Sen. Nelson Rejects Abortion Compromise
News outlets were quick to cover the announcement by Sen. Ben Nelson, D-Neb., about his stance on the Senate health bill.
Reuters: "Democratic hopes for passing a broad healthcare overhaul in the U.S. Senate by Christmas took a hit on Thursday when a party holdout, Ben Nelson, rejected a compromise on abortion aimed at winning his vote. ... Democrats have no margin of error -- they control exactly 60 votes and face so far unified Republican opposition. Nelson, an abortion rights opponent, said compromise language designed to strengthen the ban on using federal funds for abortions was not good enough to meet his concerns." Nelson also said he would not "be able to back Democrats on a series of upcoming procedural votes without more changes to the bill." He made these comments to KLIN radio in Lincoln, Neb. (Whitesides and Beech, 12/17).
The Associated Press: The compromise language "attempts to separate private from public funding for abortion, an approach that Democrats have tried in various ways without winning over anti-abortion groups or Catholic bishops. ... Nelson said abortion wasn't his only concern and he didn't see how the Christmas deadline was achievable. ... The abortion language was written by another anti-abortion Democrat, Bob Casey of Pennsylvania, among others, and was an attempt to secure Nelson's support for the health care bill while also keeping liberals on board" (Werner, 12/17).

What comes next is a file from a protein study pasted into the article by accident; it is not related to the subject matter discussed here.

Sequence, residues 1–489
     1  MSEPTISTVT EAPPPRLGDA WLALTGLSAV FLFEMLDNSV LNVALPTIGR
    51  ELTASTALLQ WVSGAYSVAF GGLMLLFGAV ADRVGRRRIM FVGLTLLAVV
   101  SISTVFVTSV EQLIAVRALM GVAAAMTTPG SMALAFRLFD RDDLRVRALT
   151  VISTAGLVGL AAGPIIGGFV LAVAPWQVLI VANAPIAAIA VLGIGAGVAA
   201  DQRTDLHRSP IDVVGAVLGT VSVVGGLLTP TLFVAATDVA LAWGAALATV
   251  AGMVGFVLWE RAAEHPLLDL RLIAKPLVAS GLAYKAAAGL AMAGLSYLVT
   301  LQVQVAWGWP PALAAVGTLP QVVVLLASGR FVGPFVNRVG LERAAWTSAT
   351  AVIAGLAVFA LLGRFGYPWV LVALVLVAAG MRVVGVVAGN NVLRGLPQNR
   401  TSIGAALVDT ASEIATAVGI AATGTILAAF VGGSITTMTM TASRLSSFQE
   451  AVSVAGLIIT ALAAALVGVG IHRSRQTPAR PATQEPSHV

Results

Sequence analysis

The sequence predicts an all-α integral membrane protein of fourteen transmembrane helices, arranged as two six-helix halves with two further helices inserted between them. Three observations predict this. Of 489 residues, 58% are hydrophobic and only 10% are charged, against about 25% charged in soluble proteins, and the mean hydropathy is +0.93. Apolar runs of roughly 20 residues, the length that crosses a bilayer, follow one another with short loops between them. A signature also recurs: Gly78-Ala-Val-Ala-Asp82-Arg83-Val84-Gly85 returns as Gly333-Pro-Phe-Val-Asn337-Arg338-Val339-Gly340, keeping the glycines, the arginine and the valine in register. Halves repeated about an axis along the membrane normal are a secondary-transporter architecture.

The New York Times: "Mr. Nelson, who is arguably the most conservative of the Senate's Democrats, has been uncertain about the health care legislation all year long, reminding reporters and colleagues alike that he will not make up his mind until he has gotten a close look at the bill. And given that the bill keeps changing - yet another version of it is expected to be revealed by the Senate majority leader, Harry Reid of Nevada, within the next 48 hours - it has not been particularly easy for Mr. Nelson to come to a decision one way or another."
"He said he was opposed to a new long-term care insurance program included in the bill, and that he was skeptical about proposed cuts in payments to nursing homes and for home health care providers." But even with these concerns, he "also described the current state of the health care system as unacceptable" (Herszenhorn, 12/17).
Sen. Nelson's office issued a statement, which ends by saying: "He said today that he is open to looking at additional attempts to maintain the federal restriction on public funding of abortion."